Codeine is a less potent opioid drug, but it can still cause severe side effects, physical dependence, and addiction to develop.
Codeine is a prescription opioid medication used to treat pain and cough. Codeine is a commonly prescribed drug, but it still creates a variety of risks and side effects. As part of the opioid drug class, it’s also a contributor to the nationwide opioid epidemic.
Codeine is less potent than other opioids, such as hydrocodone and morphine. Although codeine also has a lower potential for abuse and addiction, these risks still exist when using the drug.
How Does Codeine Work?
When someone takes codeine, a portion of the drug converts to morphine when it reaches their brain. It then binds to opioid receptors found throughout the central nervous system and creates certain effects in the brain. Higher doses can create a flood of feel-good brain neurotransmitters, which is why some people feel high when using codeine and other opioids.
These effects also change how a person feels sensations of pain. Opioids like codeine increase pain tolerance, so a person feels less pain when using them. Opioids also slow the activity of the central nervous system when they bind to opioid receptors.
Codeine is often combined with acetaminophen to provide extra pain relief and reduce the amount of codeine needed. It can also be prescribed as a cough suppressant.
Codeine Side Effects and Health Risks
Codeine is a controlled substance in the U.S., meaning it can only be taken with a doctor’s prescription. Using codeine in ways other than prescribed is illegal.
Because codeine is one of the less potent opioids, people can tend to get lulled into a false sense of comfort about its use. However, codeine still carries a number of risks and related side effects.
Common Codeine Side Effects
Some of the common side effects of codeine can include:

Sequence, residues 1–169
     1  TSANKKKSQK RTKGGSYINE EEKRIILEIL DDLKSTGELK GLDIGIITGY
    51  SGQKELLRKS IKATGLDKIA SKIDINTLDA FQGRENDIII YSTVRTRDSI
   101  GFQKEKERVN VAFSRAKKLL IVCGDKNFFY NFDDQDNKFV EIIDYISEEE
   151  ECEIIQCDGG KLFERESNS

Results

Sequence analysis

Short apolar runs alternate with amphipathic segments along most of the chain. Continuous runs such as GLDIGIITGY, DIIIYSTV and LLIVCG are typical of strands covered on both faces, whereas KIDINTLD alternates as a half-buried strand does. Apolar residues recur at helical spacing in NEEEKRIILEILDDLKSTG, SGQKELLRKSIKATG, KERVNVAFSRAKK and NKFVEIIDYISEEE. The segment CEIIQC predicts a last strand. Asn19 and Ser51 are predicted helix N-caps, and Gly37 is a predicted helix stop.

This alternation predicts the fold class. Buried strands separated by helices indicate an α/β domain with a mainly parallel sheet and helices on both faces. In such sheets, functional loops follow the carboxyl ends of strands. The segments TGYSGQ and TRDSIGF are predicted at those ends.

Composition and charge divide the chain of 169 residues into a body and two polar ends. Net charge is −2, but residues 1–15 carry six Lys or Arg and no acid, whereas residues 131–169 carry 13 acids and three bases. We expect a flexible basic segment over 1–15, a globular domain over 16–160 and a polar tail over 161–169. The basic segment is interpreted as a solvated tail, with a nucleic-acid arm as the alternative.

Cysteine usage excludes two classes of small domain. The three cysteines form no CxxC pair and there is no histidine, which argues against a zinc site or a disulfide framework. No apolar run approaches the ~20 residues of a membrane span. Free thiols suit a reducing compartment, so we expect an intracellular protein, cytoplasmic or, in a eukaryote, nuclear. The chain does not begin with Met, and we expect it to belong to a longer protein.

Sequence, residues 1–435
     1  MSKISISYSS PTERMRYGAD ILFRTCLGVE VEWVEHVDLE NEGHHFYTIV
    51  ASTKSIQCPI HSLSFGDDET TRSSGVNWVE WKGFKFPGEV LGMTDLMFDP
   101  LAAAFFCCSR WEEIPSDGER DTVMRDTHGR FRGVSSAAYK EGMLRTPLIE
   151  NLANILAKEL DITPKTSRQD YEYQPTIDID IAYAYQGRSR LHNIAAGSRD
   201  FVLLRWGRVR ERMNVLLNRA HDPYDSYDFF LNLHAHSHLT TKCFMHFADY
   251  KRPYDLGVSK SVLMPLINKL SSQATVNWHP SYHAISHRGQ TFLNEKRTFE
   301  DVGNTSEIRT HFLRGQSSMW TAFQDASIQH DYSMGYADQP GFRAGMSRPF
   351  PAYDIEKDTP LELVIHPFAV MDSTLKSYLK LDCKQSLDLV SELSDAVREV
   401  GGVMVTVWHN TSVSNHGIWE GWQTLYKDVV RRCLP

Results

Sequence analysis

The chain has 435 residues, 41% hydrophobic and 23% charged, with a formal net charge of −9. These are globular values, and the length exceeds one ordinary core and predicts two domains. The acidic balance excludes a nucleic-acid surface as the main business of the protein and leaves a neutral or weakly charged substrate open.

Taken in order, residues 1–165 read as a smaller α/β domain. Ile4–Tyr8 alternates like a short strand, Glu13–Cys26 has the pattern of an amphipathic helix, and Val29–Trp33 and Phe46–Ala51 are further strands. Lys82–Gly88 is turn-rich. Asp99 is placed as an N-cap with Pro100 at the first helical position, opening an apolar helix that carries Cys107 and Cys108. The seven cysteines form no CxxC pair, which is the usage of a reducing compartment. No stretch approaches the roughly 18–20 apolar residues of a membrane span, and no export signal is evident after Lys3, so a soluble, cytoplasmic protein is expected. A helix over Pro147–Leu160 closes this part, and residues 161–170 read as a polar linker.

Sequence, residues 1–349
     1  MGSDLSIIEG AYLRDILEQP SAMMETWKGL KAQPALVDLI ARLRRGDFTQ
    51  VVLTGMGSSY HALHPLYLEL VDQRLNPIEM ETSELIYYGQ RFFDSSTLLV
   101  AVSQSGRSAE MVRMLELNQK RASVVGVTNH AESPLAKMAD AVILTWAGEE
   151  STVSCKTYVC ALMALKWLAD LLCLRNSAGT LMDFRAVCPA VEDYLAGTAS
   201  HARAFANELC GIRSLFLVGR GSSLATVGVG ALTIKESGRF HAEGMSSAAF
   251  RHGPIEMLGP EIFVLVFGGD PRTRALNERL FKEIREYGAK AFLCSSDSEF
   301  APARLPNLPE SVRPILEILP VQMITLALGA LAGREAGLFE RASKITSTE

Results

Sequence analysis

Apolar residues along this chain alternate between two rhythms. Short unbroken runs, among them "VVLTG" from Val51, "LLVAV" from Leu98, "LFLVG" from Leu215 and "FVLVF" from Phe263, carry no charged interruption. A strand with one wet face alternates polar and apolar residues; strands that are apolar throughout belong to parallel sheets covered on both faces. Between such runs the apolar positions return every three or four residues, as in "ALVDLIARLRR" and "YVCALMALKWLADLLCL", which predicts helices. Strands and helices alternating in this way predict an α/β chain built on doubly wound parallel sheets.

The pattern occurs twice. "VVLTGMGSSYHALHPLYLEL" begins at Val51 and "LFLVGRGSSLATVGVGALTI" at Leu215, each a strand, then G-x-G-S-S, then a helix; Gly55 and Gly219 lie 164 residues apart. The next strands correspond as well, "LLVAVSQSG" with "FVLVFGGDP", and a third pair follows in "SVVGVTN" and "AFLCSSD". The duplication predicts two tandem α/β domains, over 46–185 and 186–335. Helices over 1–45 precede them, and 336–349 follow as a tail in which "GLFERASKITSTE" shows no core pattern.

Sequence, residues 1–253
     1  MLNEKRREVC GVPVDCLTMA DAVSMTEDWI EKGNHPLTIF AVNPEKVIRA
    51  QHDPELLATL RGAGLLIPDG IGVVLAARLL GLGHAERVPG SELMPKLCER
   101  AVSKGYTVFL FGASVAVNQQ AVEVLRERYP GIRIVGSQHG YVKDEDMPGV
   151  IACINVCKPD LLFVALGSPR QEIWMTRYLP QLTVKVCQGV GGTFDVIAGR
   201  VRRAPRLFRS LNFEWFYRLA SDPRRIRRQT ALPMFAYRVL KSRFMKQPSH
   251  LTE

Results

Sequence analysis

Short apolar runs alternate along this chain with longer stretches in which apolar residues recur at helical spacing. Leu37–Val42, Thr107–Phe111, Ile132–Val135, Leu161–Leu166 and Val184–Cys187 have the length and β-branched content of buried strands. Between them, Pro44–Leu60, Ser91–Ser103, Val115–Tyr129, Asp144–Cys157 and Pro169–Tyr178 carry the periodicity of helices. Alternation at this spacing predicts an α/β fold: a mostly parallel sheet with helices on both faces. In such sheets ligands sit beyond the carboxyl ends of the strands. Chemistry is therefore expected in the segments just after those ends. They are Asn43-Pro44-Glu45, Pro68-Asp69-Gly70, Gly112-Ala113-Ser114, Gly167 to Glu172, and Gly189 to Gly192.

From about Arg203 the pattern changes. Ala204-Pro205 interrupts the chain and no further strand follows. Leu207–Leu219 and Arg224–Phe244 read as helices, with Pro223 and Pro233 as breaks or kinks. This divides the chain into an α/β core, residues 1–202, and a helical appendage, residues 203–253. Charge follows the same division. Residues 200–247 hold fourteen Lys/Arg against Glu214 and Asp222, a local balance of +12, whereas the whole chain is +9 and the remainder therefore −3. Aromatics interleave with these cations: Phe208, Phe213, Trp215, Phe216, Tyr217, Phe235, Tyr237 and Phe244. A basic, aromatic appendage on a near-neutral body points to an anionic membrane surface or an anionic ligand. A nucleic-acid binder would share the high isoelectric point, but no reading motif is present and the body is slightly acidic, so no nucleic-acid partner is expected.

- Slow heart rate
- Abnormal dreams
- Nausea and vomiting
It is normal to experience some of these side effects, even when taking codeine as prescribed.
Severe Codeine Side Effects
Less common but severe side effects of codeine include:
- Shallow breathing
- Low blood pressure
- Extreme drowsiness
- Urination problems
Over time, codeine use can also cause addiction and dependence to develop. All opioids, including codeine, have a high risk for abuse and addiction. This is because codeine and other opioids can cause people to feel high, which triggers a cycle of rewarded behavior that leads to drug addiction.
Physical dependence occurs when someone’s brain and body become used to the presence of drugs like codeine. If the person suddenly stops taking the drug, they will experience withdrawal symptoms as their body adjusts to its absence. Dependence can occur even when someone takes opioids exactly as prescribed. As a result, physicians will often advise patients to follow a taper schedule when stopping the medication.
When codeine is combined with other drugs, such as acetaminophen, additional side effects are possible. Acetaminophen can cause liver damage and acute liver failure if taken in large amounts.
Codeine should never be combined with alcohol because it can cause further respiratory depression, which can lead to a fatal overdose. Additionally, mixing a codeine-acetaminophen combination with alcohol can increase the risk of liver problems.
If codeine is taken with sedatives like Xanax, it can cause confusion and additional sedative effects. These effects can be dangerous or deadly. You should always let your physician know about any other substances you use before taking codeine.
Is Codeine Bad For You?
If you use it exactly as directed by your doctor, codeine is considered safe but not entirely risk-free. If you abuse it, however, codeine can lead to health problems. For example:
- You can overdose on codeine due to extreme respiratory depression.
- You can develop dependence and addiction.
- You can experience severe side effects, such as seizures.
Before taking codeine, the best thing to do is make sure you have a complete conversation with your physician about possible side effects. Your doctor can discuss codeine with you and determine whether it’ll be a safe medication for you to use.
U.S. National Library of Medicine. “Acetaminophen and Codeine.” MedlinePlus, December 2020. Accessed September 3, 2021.
U.S. Food and Drug Association. “Codeine Sulfate.” May 2013. Accessed September 3, 2021.
University of North Carolina Hospitals. “Opiate Equianalgesic Dosing Chart.” December 2009. Accessed September 3, 2021.
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